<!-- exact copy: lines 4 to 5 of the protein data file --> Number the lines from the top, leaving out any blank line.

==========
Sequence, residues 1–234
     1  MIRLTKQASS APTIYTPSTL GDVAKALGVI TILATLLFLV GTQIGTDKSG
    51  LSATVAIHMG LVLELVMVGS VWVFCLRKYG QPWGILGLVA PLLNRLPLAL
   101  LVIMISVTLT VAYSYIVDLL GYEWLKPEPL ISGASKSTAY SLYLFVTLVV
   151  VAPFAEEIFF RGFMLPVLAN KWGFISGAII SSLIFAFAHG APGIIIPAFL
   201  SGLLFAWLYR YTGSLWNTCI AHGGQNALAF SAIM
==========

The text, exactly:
   101  LVIMISVTLT VAYSYIVDLL GYEWLKPEPL ISGASKSTAY SLYLFVTLVV
   151  VAPFAEEIFF RGFMLPVLAN KWGFISGAII SSLIFAFAHG APGIIIPAFL